Jeffrey Bell is Professor of Philosophy at Southeastern Louisiana University in Hammond, Louisiana. He is the author of Philosophy at the Edge of Chaos: Gilles Deleuze and the Philosophy of Difference (University of Toronto Press, 2006). His current research investigates the implications of Deleuze's thought for the study of culture and history.
Charting the Road of Inquiry: Deleuze's Humean Pragmatics and the Challenge of Badiou
Article first published online: 2 MAR 2010
2006 The University of Memphis
The Southern Journal of Philosophy
Volume 44, Issue 3, pages 399–425, Fall 2006
How to Cite
Bell, J. (2006), Charting the Road of Inquiry: Deleuze's Humean Pragmatics and the Challenge of Badiou. The Southern Journal of Philosophy, 44: 399–425. doi: 10.1111/j.2041-6962.2006.tb00011.x
- Issue published online: 2 MAR 2010
- Article first published online: 2 MAR 2010
- Cited By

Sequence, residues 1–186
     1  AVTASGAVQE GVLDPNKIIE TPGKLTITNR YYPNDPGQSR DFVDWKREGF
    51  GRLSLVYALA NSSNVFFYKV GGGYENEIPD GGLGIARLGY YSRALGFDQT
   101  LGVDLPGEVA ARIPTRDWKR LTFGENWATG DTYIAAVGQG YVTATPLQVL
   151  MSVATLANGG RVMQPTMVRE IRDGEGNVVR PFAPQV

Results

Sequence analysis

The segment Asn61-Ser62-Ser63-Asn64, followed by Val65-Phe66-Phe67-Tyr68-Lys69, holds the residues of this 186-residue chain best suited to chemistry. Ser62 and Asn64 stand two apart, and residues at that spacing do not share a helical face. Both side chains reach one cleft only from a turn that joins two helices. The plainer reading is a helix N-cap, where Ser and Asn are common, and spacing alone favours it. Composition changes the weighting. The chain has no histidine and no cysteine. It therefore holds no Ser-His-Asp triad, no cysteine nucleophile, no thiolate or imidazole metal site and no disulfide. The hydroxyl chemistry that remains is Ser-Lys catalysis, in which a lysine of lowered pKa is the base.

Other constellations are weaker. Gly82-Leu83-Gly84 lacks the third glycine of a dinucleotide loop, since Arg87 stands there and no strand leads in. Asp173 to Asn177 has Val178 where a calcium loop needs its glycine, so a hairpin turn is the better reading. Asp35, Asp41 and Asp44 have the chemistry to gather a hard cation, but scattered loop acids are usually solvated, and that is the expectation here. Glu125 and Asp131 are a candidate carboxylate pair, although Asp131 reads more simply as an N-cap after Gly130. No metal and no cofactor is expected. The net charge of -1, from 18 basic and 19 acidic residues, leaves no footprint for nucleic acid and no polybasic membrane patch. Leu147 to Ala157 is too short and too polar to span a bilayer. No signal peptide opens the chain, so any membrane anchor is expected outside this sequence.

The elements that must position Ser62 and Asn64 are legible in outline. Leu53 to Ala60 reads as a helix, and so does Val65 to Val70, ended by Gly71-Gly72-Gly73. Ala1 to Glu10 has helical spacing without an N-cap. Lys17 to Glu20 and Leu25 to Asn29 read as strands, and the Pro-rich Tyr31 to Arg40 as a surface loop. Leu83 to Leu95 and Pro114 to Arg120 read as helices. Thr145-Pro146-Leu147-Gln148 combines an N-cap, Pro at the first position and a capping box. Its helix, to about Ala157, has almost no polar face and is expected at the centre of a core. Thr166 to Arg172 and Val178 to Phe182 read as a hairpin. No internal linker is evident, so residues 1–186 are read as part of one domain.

This essay responds to Badiou's charge that Deleuze fails to set forth a philosophy that is “beyond Gategorical oppositions.” It is argued that this criticism of Deleuze is founded upon a misreading of the Deleuzean distinction between the virtual and the actual, a reading that carries forward Badiou's misreading of Spinoza and, hence, of Deleuze's Spinozism. With this corrected, we show how the virtual-actual distinction operates within the experimental philosophy, or pragmatics, that Deleuze, and later Deleuze and Guattari, sets forth. It is this pragmatics that is precisely the philosophy of difference that is beyond categorical oppositions. Through a comparison of Deleuzean pragmatics with the work of Hume and Peirce, we are able to respond to Badiou's further criticism that Deleuze's philosophy fails to understand the conditions for creativity in thought and culture. This criticism is itself resolved once one corrects for Badiou's misreading of Deleuze's virtual-actual distinction.